The Alabama Department of Conservation and Natural Resources closed the state season Sunday. The agency had originally planned to keep the fishing season open until September 3.

Alabama Marine Resources Division Director Scott Bannon says the quota of nearly 985 thousand pounds of snapper allocated to Alabama under NOAA guidelines has already been caught.

Back-to-School Tax Holiday This Weekend

Jul 20, 2018

Students in Alabama are heading back to school soon, and their families will get some help getting them ready.

This weekend is the Back to School Sales Tax Holiday. This means sales taxes will not be charged on items needed to get kids ready for school.

Melissa Warnke is the spokeswoman for the Alabama Retail Association. She says only the four percent state sales tax is guaranteed to be removed, but many cities and counties are also participating…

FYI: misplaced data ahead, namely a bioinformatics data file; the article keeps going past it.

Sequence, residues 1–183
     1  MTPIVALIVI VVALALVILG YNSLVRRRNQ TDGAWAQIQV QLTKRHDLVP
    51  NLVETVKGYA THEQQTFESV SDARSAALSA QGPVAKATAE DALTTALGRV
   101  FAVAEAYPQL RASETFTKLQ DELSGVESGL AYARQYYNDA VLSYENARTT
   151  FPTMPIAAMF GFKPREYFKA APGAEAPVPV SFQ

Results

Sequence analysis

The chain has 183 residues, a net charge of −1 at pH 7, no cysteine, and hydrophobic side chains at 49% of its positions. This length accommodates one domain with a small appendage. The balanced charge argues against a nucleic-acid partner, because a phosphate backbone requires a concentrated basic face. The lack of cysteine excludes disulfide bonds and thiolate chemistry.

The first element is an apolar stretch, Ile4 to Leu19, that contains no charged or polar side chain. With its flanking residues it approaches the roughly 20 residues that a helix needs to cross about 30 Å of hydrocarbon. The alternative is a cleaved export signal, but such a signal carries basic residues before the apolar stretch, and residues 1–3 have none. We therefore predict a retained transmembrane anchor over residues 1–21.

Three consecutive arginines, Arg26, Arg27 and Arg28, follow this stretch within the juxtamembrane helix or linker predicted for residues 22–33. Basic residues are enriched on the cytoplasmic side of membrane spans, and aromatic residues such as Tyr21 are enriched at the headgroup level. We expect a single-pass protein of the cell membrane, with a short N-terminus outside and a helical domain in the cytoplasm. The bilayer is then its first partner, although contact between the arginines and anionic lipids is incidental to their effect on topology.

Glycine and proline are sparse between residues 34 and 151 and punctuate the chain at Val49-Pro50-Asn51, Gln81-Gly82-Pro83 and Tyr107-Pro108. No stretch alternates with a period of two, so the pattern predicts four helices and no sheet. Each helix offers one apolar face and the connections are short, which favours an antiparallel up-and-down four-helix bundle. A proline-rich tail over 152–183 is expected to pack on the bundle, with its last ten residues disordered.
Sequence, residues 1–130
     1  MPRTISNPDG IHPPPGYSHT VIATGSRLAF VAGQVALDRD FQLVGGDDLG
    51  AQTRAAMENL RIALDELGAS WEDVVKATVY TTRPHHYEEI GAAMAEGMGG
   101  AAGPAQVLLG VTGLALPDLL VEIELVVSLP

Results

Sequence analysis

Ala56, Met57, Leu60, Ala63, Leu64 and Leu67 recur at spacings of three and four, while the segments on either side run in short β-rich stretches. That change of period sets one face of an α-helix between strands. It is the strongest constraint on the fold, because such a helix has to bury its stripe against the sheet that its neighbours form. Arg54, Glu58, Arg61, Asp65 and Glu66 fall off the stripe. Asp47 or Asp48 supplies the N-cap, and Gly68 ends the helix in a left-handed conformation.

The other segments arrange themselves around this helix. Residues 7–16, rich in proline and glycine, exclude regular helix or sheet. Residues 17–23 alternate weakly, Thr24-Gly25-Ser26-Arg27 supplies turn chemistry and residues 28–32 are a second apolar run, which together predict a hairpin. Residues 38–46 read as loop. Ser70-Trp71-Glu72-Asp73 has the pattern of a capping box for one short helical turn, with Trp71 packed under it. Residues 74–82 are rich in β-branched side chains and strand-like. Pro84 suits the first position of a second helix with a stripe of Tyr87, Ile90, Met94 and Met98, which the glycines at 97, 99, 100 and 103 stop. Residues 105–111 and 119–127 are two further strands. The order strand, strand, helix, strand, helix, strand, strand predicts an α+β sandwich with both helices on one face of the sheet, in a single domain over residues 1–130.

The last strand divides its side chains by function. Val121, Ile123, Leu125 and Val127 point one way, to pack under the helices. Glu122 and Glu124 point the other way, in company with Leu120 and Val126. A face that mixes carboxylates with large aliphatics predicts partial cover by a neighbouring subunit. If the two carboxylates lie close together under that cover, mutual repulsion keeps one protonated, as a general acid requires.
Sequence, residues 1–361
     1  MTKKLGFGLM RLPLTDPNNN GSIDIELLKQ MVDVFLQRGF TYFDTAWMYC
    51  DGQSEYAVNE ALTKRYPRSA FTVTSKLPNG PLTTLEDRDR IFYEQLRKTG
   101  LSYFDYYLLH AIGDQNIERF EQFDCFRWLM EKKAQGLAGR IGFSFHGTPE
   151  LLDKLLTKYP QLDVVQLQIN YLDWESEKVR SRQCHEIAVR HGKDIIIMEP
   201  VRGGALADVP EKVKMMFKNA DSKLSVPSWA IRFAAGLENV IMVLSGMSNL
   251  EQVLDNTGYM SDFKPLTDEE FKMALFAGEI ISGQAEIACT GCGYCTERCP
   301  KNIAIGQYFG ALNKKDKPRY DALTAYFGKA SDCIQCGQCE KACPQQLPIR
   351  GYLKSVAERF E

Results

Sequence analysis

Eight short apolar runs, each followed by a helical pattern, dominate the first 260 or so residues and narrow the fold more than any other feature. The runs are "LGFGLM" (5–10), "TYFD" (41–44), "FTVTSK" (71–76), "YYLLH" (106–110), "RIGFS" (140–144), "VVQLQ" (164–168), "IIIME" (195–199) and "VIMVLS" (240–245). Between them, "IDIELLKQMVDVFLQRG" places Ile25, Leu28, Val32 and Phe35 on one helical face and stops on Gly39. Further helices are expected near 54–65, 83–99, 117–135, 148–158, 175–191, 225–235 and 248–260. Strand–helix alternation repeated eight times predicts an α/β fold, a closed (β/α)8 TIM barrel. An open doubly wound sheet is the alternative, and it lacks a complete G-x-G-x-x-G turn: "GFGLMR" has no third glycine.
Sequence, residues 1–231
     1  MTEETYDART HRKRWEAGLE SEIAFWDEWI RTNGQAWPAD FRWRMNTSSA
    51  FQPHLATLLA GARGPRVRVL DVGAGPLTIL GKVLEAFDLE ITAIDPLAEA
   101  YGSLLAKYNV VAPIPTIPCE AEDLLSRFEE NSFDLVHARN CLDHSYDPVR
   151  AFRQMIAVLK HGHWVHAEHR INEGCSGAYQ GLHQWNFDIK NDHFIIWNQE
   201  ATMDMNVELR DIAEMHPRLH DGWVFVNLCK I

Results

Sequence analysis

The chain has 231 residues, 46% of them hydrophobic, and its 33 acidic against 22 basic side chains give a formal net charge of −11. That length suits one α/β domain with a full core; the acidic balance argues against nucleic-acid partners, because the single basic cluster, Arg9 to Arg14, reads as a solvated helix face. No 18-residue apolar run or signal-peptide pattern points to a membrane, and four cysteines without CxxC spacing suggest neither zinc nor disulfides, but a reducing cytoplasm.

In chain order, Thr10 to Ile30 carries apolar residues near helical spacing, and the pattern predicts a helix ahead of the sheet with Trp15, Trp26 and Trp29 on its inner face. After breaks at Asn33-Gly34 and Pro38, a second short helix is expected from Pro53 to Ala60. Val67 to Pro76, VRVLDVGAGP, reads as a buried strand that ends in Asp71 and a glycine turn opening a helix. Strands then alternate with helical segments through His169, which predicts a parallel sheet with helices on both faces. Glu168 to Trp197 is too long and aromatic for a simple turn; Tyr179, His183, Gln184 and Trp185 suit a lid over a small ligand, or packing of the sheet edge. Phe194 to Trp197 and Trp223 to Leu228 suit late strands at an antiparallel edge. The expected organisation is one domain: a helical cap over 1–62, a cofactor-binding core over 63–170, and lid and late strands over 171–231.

EPA to Investigate ADEM Civil Rights Policies

Jul 6, 2018

The state of Alabama is going under the microscope again in terms of civil rights policy.

The U.S. Environmental Protection Agency's civil rights office says it will investigate the Alabama Department of Environmental Management's civil rights policies.

Al.com reports The EPA's External Civil Rights Compliance Office issued a letter earlier this week stating it will investigate whether ADEM has adopted grievance procedures assuring the prompt and fair resolution of complaints. These procedures are required by the Civil Rights Act of 1964.